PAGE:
Wednesday, August 22, 2007

Home-made Yong Tau Foo in Sweet Broth 自制酿豆腐汤底

I friend asked if I know how to make fish balls. Yeah, I did a couple of times. That was when I just moved to my place and didn't know there is a stall in the wet market selling fish paste. The ready-made fish balls in the supermarket didn't smell and taste good so I decided to get my hands all sticky with fish paste.

Nowadays, I buy ready-made fish paste to save me the hassle of making my own. But since I was asked, I thought I should really try it again to make sure I still know how to make it. I prefer to use 西刀鱼. (Sorry I don't know the English name for this fish. Anyone who does, please enlighten me. Thanks.) (A sweet reader has kindly send me the link on this fish. It's called Ikan Parang aka Whitefin wolf-herring. Thanks, HL.) 西刀鱼 sweeter but has lots of tiny bones which is not a good choice if it's given to kids.

I'm using Mackerel with is commonly used. You can also ask your fishmongers for suggestions. They will know. Basically most fishes that can be made into paste, except for oily fishes like Cod. The only thing that defers is the taste and not as bouncy as those you buy off the shelf.

It's easy if you have a blender at home. Just ask your fishmongers to debone and remove the skin of the fish for you. The bones and skin you can keep to make fish broth. You then chop the fish meat into smaller pieces and throw into the blender to blend into a smooth paste. You can add some salt and pepper if you like. Some people I know add some cornflour to it but I didn't as I think the paste can hold quite well. If you don't have a blender at home, then you will need a strong arm. Just follow these steps:

  1. Slice open the fish with skin still on but bones removed. The skin is used as a base to let you scrap off the very last bit of fish meat.
  2. Scrape the meat with a metal spoon.
  3. Add some salt and pepper.
  4. Smash the meat (I use a tenderiser but it can be messy) using a spoon against the bowl. This is where the strong arm takes it's role.
  5. Smash the meat till it become a smooth paste, not even bits of fish meat insight.
  6. Make sure the fish meat becomes paste-like. 
  7. Now lift the paste and throw in on the chopping board of bowl, whichever you are working with. Throw a few times (a good way to vent your frustrations :P) 
  8. Dust about 1 tablespoon of corn flour and mix it well with the fish paste and it's ready.
  9. To do the fish balls, get ready a bowl of water.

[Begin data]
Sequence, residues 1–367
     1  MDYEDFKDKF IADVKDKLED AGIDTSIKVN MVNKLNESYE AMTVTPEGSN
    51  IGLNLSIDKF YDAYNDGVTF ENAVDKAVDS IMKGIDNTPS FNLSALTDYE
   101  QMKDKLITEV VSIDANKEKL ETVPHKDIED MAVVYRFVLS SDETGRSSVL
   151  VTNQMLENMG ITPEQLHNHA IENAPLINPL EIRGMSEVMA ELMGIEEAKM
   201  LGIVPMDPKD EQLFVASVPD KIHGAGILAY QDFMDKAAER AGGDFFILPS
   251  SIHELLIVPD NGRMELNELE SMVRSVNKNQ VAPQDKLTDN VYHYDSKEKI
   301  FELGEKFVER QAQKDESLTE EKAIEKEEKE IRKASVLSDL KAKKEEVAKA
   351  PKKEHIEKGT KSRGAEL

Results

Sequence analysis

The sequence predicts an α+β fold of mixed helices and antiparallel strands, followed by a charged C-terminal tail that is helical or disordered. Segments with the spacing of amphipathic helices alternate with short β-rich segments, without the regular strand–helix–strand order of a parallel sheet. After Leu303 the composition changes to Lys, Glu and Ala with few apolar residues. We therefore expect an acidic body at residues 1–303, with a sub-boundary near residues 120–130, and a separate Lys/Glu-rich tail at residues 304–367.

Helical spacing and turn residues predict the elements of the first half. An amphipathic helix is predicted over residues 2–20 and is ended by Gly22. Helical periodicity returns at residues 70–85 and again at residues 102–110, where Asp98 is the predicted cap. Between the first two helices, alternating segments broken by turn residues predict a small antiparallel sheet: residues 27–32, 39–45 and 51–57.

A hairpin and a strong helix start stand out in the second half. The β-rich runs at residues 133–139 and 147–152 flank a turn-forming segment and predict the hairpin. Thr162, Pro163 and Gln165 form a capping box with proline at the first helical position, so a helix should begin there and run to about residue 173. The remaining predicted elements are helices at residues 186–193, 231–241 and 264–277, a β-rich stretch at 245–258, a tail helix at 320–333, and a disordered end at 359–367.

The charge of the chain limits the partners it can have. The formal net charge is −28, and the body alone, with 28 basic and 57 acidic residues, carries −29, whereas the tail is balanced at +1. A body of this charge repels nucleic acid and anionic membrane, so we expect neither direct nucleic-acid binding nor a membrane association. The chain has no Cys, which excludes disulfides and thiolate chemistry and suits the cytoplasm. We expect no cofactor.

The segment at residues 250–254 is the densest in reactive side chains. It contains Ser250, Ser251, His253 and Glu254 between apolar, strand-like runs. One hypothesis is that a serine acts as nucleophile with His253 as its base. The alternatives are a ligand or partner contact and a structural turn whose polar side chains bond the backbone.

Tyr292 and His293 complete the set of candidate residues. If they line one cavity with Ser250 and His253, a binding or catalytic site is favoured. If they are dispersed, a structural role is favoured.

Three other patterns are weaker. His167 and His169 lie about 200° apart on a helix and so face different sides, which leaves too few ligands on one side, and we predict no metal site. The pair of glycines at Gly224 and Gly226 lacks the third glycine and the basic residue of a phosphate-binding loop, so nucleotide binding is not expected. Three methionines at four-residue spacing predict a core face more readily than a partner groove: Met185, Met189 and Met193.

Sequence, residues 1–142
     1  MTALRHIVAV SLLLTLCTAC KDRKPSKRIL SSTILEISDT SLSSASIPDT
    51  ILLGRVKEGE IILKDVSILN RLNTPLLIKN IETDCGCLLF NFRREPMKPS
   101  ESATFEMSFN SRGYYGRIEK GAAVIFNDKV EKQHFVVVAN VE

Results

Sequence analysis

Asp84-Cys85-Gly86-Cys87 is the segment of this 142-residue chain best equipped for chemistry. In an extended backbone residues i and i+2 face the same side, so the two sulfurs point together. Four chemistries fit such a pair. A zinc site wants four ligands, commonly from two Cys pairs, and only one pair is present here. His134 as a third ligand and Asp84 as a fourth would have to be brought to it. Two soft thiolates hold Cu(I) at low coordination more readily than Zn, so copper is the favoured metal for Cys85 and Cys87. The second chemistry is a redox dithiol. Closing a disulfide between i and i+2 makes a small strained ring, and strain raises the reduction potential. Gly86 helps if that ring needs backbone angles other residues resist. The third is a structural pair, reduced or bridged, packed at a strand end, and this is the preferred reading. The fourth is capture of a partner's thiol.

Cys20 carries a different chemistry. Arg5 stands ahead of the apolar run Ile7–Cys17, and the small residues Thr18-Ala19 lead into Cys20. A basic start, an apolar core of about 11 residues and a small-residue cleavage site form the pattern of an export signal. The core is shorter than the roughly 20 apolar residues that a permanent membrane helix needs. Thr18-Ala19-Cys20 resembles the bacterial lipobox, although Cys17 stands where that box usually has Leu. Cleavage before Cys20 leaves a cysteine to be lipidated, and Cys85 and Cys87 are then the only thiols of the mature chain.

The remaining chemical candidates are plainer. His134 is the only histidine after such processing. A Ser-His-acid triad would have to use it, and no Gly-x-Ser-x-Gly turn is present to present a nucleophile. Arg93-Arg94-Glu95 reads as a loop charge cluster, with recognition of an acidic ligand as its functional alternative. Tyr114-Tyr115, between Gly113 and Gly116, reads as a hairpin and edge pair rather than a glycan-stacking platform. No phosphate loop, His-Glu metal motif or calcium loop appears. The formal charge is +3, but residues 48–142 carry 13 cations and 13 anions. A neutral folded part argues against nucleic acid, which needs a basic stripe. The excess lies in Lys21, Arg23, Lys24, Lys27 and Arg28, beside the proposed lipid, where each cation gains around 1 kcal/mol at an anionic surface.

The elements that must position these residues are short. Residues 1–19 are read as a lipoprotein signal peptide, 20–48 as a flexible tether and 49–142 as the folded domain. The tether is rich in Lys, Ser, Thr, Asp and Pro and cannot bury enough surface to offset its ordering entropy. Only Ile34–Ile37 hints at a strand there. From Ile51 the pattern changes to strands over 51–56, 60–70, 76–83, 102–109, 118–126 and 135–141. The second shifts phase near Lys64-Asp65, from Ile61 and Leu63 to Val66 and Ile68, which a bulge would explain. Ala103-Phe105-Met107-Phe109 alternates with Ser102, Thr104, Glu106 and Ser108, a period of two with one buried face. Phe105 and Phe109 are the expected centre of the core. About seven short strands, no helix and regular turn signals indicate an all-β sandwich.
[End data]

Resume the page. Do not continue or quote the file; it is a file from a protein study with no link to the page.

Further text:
10. Hold some paste in your palm, squeeze it gentle closing your finger into a fist.
  11. Give more space for your thumb and forefinger (close up like an 'O').
  12. As you close the other 3 fingers, the paste will squeeze out from the top.
  13. Use a spoon to scoop out and place them in the water to prevent sticking together.
I used the paste to stuff into bean curd, tau pok, ladies' finger and also to wrapped with bean curd skin. You can also use it to stuff eggplant, bitter gourd, chili, mushroom, etc. Just like what you see in the Yong Tau Foo aka 酿豆腐 stall. You can try my very own Dual Coloured Tofu with Fish Paste with it too! *wink*

I made my Yong Tau Foo 酿豆腐 broth by brewing 150g Soya Bean 黄豆 with 70g Ikan Bilis 江鱼仔 for 2 hours or till the Ikan Bilis turn opaque. Sieve it and the broth is ready to be used.

To make a nice bowl of Home-made Yong Tau Foo 酿豆腐 in Soup, just have a pot of broth, add in your Home-made Yong Tau Foo 酿豆腐 and other ingredients you like (I have added crabsticks) and bring to a boil. Add in the vegetable during the last minute of cooking. Scoop out into a bowl, topped with some fried garlic, shallot and sesame seed oil and enjoy!

Yong Tau Foo 酿豆腐 originated from the Chinese Ethic group, Hakka, and is very common in Singapore.

* the stuffed and fish ball *

* the Fish Paste *

* The stars in the making of the sweet broth *

* Home-made 酿豆腐 in sweet and tasty broth *


  1. It's interesting that u add soya bean to make soup. I've never seen it b4. :)

  2. Blur Mommy,
    Can you get soya bean? You should try. Can make very sweet broth with it.

  3. Hi,

    I tried this simple dish today and it tasted quite nice. I swear by your recipes for din-din everyday leh! Thanks for being so kind in sharing your recipes.

  4. Thanks for sharing this recipe. Did you roast the soya bean before boiling. Thanks

  5. Cindy, I didn't realise I didnt reply to your comments. Sorry about it.

    Thanks for trying it out and liking it. :)

    Pushpa, Yes, I did roast it for a few minutes though it's not necessary. What I understand is it will help release the flavour faster when cooking it. It's like pre-soaking.